Women And Book Covers!

THIS ESSAY WAS ORIGINALLY PUBLISHED BY NEW YORK TIMES.
AT ARROW GATE, WE BELIEVE IN EXOTIC COVERS THAT WOULD ROUSE THE INTEREST OF OUR READERS. IF IT’S THE BACK THAT WOULD BE SHOWN ON THE COVER, SO BE IT, AS LONG AS THE MESSAGE INHERENT IN THE BOOK IS FITLY PORTRAYED!

Back by design: Women show only one side of themselves on an assortment of recent book covers.

 BY CHLOË SCHAMA

A plague of women’s backs is upon us in the book cover world. We’ve recently seen “Finding Casey,” by Jo-Ann Mapson; “The Unruly Passion of Eugénie R.,” by Carole DeSanti; and “The Headmaster’s Wager,” by Vincent Lam, all showcasing a nape-and-shoulder combo on the jacket. “The Pretty One,” by Lucinda Rosenfeld, features three women with their backs turned; “The Smart One,” by Jennifer Close, has its heroine turned away, undoing her wrap dress; and a bride stands facing a beach on “Beautiful Day,” by Elin Hilderbrand.

This cover cliché is not confined to pulp fiction or books that might be described as chick-lit. One of the proposed jackets for a literary novel written by a friend of mine had a woman sitting cross-legged on the beach, her back to us. “Who is this woman?” my friend asked. “What yoga DVD did she escape from?” The cover of John Irving’s latest novel, “In One Person,” depicts the bare back of someone who is either clasping or unclasping a bra. On the British cover of “While the Women Are Sleeping,” by Javier Marías, just a sliver of a figure’s face is visible in a mirror. The British cover for Siri Hustvedt’s recent essay collection, “Living, Thinking, Looking,” shows a woman presumably engaged in these activities, although it’s hard to confirm; her back is to us. To be fair, book jackets occasionally feature men in this pose — “The Forgotten,” by David Baldacci; “The Jackal’s Share,” by Chris Morgan Jones; and some of James Patterson’s Michael Bennett books come to mind — but it’s much less common, and man-in-somewhat-disheveled-suit seems the more dominant motif.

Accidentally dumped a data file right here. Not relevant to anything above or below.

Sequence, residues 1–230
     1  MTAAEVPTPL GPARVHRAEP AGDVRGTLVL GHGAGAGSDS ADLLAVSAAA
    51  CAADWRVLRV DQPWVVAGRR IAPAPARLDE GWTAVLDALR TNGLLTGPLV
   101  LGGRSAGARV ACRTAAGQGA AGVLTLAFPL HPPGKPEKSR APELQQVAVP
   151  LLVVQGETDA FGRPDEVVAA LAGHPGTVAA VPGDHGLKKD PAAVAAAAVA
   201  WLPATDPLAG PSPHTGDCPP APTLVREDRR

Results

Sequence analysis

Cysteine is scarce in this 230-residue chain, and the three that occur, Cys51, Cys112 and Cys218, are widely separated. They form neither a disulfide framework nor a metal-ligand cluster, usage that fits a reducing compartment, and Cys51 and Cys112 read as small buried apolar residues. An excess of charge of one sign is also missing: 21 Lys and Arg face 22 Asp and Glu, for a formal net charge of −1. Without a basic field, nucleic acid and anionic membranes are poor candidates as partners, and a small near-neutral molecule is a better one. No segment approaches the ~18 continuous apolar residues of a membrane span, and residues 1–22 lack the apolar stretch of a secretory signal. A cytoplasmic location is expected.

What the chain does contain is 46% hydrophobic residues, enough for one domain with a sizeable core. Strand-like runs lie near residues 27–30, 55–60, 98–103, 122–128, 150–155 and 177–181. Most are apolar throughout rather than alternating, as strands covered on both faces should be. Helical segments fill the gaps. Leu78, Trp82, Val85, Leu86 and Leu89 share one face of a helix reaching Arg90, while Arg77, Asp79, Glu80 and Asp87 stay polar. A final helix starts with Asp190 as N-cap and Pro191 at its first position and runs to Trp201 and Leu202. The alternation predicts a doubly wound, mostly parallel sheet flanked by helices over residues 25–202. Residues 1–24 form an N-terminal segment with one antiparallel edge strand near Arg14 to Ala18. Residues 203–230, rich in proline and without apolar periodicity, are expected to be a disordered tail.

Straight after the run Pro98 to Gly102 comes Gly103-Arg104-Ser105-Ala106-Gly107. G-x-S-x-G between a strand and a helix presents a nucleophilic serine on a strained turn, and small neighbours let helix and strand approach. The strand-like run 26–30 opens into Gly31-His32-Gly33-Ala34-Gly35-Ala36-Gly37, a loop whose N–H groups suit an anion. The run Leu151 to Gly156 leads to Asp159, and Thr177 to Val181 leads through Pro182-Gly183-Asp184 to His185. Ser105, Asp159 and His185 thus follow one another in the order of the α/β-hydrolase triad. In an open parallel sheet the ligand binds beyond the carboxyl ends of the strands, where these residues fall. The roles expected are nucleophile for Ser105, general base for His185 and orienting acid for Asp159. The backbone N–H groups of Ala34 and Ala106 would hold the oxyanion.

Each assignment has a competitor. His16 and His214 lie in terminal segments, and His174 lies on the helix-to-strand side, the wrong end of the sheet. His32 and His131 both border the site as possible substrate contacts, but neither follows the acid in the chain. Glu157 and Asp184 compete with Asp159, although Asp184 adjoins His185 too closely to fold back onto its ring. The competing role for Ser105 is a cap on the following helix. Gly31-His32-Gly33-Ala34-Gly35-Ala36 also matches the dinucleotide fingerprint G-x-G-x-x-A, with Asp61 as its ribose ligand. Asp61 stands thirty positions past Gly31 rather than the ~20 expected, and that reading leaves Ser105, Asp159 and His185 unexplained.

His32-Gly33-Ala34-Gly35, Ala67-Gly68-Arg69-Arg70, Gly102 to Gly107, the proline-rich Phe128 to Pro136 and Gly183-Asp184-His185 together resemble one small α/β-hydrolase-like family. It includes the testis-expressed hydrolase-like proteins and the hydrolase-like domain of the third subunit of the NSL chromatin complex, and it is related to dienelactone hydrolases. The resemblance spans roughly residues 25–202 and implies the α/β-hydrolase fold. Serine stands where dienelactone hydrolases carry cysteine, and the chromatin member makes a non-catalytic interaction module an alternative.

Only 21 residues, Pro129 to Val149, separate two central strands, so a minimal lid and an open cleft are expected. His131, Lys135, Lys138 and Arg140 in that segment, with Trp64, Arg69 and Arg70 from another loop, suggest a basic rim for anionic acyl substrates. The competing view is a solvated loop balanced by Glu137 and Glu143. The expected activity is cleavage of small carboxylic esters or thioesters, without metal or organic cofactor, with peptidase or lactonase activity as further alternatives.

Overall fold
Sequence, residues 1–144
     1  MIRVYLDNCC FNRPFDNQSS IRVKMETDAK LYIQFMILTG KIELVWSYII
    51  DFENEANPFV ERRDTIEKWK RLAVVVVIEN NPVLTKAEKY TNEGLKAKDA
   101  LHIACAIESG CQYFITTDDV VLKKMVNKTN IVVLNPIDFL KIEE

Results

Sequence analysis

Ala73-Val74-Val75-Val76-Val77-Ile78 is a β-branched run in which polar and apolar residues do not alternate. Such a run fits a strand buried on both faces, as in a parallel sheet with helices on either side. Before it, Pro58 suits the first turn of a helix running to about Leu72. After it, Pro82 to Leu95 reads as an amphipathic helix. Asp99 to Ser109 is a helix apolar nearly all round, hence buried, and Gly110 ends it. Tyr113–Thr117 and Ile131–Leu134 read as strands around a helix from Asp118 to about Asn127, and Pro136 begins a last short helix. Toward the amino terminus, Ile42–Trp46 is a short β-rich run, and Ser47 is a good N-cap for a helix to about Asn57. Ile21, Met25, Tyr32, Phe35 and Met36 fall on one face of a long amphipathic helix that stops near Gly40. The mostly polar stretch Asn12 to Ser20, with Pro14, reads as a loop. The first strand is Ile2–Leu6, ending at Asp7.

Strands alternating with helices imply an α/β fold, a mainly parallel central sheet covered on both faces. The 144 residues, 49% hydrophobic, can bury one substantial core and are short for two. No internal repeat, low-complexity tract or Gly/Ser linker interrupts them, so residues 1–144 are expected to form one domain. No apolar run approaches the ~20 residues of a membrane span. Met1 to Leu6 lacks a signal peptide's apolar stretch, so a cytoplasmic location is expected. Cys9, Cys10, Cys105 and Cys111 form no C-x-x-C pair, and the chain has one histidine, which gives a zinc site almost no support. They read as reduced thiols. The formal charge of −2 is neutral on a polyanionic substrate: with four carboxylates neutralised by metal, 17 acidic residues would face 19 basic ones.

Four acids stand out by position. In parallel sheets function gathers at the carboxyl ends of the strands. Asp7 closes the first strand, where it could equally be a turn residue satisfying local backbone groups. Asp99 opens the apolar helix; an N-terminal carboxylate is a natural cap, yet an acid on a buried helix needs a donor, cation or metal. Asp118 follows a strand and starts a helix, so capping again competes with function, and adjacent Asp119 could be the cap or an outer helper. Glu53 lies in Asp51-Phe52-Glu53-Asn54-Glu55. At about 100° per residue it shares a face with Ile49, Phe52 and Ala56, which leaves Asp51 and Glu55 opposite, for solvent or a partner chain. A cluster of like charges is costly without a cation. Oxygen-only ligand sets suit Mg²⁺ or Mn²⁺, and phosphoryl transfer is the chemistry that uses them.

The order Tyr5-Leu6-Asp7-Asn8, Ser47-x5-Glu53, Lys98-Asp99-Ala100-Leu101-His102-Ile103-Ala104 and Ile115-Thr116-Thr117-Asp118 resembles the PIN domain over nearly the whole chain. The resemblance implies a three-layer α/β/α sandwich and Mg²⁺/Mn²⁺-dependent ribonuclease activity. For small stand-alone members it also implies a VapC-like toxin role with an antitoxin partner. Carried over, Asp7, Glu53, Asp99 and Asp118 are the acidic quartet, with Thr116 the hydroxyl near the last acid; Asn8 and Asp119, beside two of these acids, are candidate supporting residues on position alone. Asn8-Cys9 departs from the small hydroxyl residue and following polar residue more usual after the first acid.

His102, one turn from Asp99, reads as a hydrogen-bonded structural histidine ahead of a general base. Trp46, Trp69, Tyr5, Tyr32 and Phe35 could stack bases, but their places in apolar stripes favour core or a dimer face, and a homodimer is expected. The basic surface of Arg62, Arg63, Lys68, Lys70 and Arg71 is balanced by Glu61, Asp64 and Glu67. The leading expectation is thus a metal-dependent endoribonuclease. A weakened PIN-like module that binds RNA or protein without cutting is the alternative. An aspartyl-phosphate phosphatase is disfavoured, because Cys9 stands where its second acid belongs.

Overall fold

Why is the faceless woman so ubiquitous? Artists from Ingres to Irving Penn have shown that a woman’s back can be a beautiful, erotic thing — and it’s probably the largest swath of skin that can be exposed without setting off the censors. Sex sells, and this reference to the body without obvious objectification must appeal to an industry that overwhelmingly attracts and employs women. (A 2010 Publishers Weekly survey determined that 85 percent of book industry employees with less than three years of experience were women.) If feminists were scrutinizing book covers, I imagine it’s stilettos, shiny lips and fishnet stockings that they would object to.

And editors, according to Julianna Lee, an art director at Little, Brown & Company, often explicitly instruct designers not to show a woman’s face: “A little bit of mystery allows the reader to use their imagination,” she says. Furthermore, omitting individualizing details spares jacket designers from the charge (by authors and readers) that they haven’t rendered characters faithfully. Even when depicted from the front, headless women are common on covers. It’s worth noting, too, that it can be difficult for writers to combat these pressures; the publishing house has the book’s best interests at heart — who are writers to object if they’re less than happy with the design?

Perhaps the trend is more inadvertent than pernicious. The ubiquitous book-cover back suggests to potential readers that the book is about bodies and the forces contained therein, and there’s nothing wrong with that — in fact, it’s a fairly accurate description of allnovels. The irony is that this design has become so prevalent that it undermines the very purpose of the book cover: to whet the appetite for the real meal. As my novelist friend put it, “A book jacket seems, to me, like the single most efficient way to signal whether a book has substance or not.” But these books offer only skin, which is all surface.

Chloë Schama is a story editor at The New Republic.

 

 

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